Concerningly, of the 1,309 door violators reported in FY16, about one in 10, or 126, of these individuals have terms of three year to life MSR, meaning that they will not be released until they have approved housing, which may, under existing circumstances, never occur. The number of individuals with three years to life MSR is only expected to grow since the law was enacted in 2005 and these individuals continue to come up for parole.[11] During FY16, 475 individuals were reported to have entered or returned to IDOC custody with such parole terms.[12]

As discussed by this Task Force, there is no scientifically justifiable basis for lifetime registration, and the same reasoning holds true for lifetime parole supervision. We know the evidence about individuals aging out of criminal behavior and other important desistence patterns, and we have mechanisms to individualize and address the risk of reoffending without such costly and overreactive requirements. For example, in Illinois individuals can be civilly committed as SVPS. IDOC reviews every SVP-eligible individual prior to release, with the Attorney General’s office giving some individuals who are not recommended for civil commitment as SVPS a secondary review.[13]

Data from IDOC from December 31, 2016 shows 2,017, more than a forth of those identified as sex offenders, are over 50 years of age, which is considered elderly for prisoners, 106 of whom are SDPs.[14]Inmates labeled as sex offenders also account for more than a quarter, 25.5%, of the 7,916 elderly individuals in IDOC custody, who as a group represent a significantly more costly population with lower recidivism risk.[15]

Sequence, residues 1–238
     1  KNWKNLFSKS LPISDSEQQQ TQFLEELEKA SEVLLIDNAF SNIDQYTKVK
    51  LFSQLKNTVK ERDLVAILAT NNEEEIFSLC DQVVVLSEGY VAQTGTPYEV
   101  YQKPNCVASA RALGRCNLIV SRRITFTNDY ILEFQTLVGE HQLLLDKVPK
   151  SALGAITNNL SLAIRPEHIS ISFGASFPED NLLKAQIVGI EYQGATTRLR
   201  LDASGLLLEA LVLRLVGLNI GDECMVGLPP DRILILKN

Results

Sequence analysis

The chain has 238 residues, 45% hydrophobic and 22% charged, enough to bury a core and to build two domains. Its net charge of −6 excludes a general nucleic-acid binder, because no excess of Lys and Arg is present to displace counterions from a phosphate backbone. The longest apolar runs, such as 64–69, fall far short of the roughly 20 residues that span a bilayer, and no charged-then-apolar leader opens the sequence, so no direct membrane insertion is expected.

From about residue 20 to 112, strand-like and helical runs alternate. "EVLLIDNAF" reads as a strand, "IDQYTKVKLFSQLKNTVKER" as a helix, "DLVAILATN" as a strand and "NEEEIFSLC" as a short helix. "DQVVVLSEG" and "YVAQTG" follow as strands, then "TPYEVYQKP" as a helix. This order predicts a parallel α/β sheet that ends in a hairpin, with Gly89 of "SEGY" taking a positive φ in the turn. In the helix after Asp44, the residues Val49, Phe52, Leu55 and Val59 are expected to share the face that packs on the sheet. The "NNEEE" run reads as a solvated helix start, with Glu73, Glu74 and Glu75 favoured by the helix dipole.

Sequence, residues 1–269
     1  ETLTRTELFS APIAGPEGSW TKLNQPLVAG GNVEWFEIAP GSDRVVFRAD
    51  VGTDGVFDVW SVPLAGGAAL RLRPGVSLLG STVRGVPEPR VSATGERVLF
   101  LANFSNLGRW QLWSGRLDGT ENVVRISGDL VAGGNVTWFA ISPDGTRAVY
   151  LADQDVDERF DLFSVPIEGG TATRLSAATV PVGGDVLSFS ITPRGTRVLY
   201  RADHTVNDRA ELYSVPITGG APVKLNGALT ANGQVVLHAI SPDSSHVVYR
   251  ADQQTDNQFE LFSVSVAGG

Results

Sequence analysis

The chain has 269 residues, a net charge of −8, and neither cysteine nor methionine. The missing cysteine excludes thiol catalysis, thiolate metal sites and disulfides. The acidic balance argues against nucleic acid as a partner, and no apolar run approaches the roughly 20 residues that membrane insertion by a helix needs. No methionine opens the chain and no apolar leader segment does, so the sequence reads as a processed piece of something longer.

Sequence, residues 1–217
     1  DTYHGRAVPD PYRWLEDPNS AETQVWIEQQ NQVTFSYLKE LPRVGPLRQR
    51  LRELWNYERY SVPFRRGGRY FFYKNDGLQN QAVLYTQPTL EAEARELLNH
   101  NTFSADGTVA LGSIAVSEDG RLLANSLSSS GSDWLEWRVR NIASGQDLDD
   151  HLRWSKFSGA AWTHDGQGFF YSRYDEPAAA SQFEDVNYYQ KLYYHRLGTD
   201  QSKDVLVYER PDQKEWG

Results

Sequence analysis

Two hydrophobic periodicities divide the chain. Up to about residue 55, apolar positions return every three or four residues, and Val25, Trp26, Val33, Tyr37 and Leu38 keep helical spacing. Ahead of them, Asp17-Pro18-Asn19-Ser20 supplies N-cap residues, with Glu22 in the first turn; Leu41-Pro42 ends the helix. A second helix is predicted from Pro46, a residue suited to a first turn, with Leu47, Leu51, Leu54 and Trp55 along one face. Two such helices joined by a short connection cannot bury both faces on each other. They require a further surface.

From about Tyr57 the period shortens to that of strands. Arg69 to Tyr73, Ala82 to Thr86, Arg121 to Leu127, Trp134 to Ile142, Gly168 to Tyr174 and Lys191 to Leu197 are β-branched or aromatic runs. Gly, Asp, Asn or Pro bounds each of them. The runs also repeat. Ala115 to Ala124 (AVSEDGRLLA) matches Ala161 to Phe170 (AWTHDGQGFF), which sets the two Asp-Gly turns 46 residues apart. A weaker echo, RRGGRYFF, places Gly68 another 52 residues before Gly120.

3.  Illinois must roll back residency restrictions and permit housing of more than one individual with a sex offense per site and provide transitional housing

In contrast to those with three-years-to-life MSR, individuals with door violations or lack of approved host sites with definite MSR terms may serve a portion of their MSR term in custody and then be released without supervision. Many in law enforcement comment on the folly of having individuals serve their supervision time inside prisons because they cannot locate housing that complies with MSR conditions, only to have the individual released back into the community without support or any supervision.[16] Lack of appropriate community reentry housing due to residency restrictions creates such unintended consequences, leaving communities less secure. This Task Force has heard testimony that residency restrictions do not make us safer, and in fact may have the opposite effect in increasing homelessness, joblessness, non-compliance, and even may deter crime reporting in common situations where victims know their offender, as in families.